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ECONOMIC SERIES: 148 (Continued)
ITEM 3 The Government will Take Control of All Foods Including The Farmer's Rice Storage. So As To Stimulate The Supply of Rice - TOKYO SHIMBUN - 9 Jan 46. Translator: S. Iwata.
Summary:
The Agriculture and Forestry Ministry, has drafted plans for stimulating the delivery of rice. Rice rations to consumers will be distributed at the rate of 0.74 KOKU a year, or 0.002 KOKU a day per person. If 22,000,000 KOKU out of the 42,000,000 KOKU of the estimated yield are delivered, that will leave 20,000,000 KOKU still held by the farmers. It is estimated that the rice yield in 1946 will decrease by about 1,200,000 KOKU in spite of the increase of about 4,400,000 persons in all farm villages, including demobilized soldiers and discharged workers, but the amount delivered will be the lowest amount possible under the regulations. If the Government were to use force to make the farmers deliver their rice, the farmers would hold back a certain amount of rice and would be dissatisfied with the step of the Government. Considering present conditions, it is expected that the government will have to take control of all foods including the farmers' rice storage, so as to stimulate the supply of rice.
ITEM 4 Reconstruction of Rubber Industry - NIPPON SANGYO KEIZAI - 9 Jan 46. Translator: T. Mitsuhashi.
Summary:
The mission of the rubber industry will be no loss important than that of any other industry in meeting civilian demand and producing goods for export, and its reconstruction must be made by all means both by the Government and civilian industrialists. The civilian demand for rubber products was 26,000 metric tons in 1938. and has gradually decreased to 12,000 metric tons in 1944. Calculating from an average of 53,500 metric tons before 1938, about 60,000 metric tons of rubber products must be reduced to meet civilian and foreign demands. Fifty-four thousand metric tons of crude rubber, 575,000 piculn of raw cotter, and 320,000 metric tons of coal are needed to manufacture the required products lanned by the Ministry of Commerce and Industry is 51,756 metric tons per annum, including 12,756 metric tons of rubber-sole tabi, rubber booms and shoes and cotton shoes, 14,308 metric tons of tires and tabes, 3,276 metric tons of belts, 3,120 metric tons of rubber plates and others for industrial use, and 3,900 metric tons of rubber [illegible]etc. The estimated sales price of these rubber products is 800 million yen, out of which 200 million yen represents those for expert which equals the amount of crude rubber imported. There may be a great demand for Japanese rubber products in MANCHURIA, CHINA and Southern countries to make [illegible]the loss sustained by the war. Because Japanese goods meet the needs of the peoples there better than the high class goods of the UNITED STATES and GREAT BRITAIN, we may have no competitor there. To reconstruct the rubber industry, the first thing to do is to import crude rubber, reserve the required fibre and promote productive techniques. Moreover, it is deliberated that financial aid as well as technical guidance must be asked of foreign countries in order to promote increased production.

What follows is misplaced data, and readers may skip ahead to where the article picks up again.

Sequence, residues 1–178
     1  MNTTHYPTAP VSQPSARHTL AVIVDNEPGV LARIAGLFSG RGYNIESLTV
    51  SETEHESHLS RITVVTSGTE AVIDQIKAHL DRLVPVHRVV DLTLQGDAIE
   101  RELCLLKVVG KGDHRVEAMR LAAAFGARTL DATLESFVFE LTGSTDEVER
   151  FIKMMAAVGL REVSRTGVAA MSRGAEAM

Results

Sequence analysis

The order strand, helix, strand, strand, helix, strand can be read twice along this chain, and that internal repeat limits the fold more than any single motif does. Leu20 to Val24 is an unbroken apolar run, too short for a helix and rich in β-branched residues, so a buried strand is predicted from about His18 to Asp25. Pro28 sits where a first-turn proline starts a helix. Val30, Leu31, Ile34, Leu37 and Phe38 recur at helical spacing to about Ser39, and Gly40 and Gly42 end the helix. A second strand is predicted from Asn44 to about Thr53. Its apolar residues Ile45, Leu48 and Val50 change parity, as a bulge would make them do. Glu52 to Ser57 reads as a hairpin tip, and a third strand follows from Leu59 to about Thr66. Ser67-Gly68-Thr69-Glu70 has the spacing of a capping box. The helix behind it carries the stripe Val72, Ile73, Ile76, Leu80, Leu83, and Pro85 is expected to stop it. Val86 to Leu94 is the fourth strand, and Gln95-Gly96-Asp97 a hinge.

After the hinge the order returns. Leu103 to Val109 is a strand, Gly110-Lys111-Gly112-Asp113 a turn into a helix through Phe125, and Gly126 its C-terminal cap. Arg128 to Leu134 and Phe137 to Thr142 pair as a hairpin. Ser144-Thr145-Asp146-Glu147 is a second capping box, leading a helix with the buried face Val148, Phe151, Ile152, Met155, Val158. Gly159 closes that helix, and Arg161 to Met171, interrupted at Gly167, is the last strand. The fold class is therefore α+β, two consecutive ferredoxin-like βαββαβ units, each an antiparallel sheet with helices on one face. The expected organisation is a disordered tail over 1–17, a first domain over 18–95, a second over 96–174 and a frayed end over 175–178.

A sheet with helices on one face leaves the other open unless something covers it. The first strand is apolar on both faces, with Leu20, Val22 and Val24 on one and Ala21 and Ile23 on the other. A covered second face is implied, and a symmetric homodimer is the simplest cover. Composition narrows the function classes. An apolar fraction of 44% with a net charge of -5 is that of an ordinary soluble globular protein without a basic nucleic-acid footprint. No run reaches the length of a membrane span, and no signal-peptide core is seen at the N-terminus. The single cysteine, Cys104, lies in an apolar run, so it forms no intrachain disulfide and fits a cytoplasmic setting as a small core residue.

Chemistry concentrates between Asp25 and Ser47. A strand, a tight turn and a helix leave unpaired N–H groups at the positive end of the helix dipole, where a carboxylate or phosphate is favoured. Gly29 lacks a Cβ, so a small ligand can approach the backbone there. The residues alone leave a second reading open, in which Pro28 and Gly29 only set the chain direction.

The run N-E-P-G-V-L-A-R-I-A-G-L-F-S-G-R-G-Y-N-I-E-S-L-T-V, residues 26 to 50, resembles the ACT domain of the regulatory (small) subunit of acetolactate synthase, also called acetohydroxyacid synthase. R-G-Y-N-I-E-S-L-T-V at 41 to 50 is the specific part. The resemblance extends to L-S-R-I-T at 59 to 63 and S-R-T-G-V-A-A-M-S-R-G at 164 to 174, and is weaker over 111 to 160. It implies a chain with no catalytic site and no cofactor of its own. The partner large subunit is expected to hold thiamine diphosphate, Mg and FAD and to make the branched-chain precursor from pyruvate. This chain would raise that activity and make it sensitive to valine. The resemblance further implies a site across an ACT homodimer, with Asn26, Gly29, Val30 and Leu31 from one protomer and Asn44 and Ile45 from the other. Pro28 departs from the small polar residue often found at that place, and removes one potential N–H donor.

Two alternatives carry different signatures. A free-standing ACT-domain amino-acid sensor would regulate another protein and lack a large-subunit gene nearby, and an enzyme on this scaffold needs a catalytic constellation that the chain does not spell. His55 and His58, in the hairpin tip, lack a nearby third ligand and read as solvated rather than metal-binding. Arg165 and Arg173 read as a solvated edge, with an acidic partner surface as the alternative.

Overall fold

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HomePress translations [Japan]. Economic Series 0148, 1946-01-12.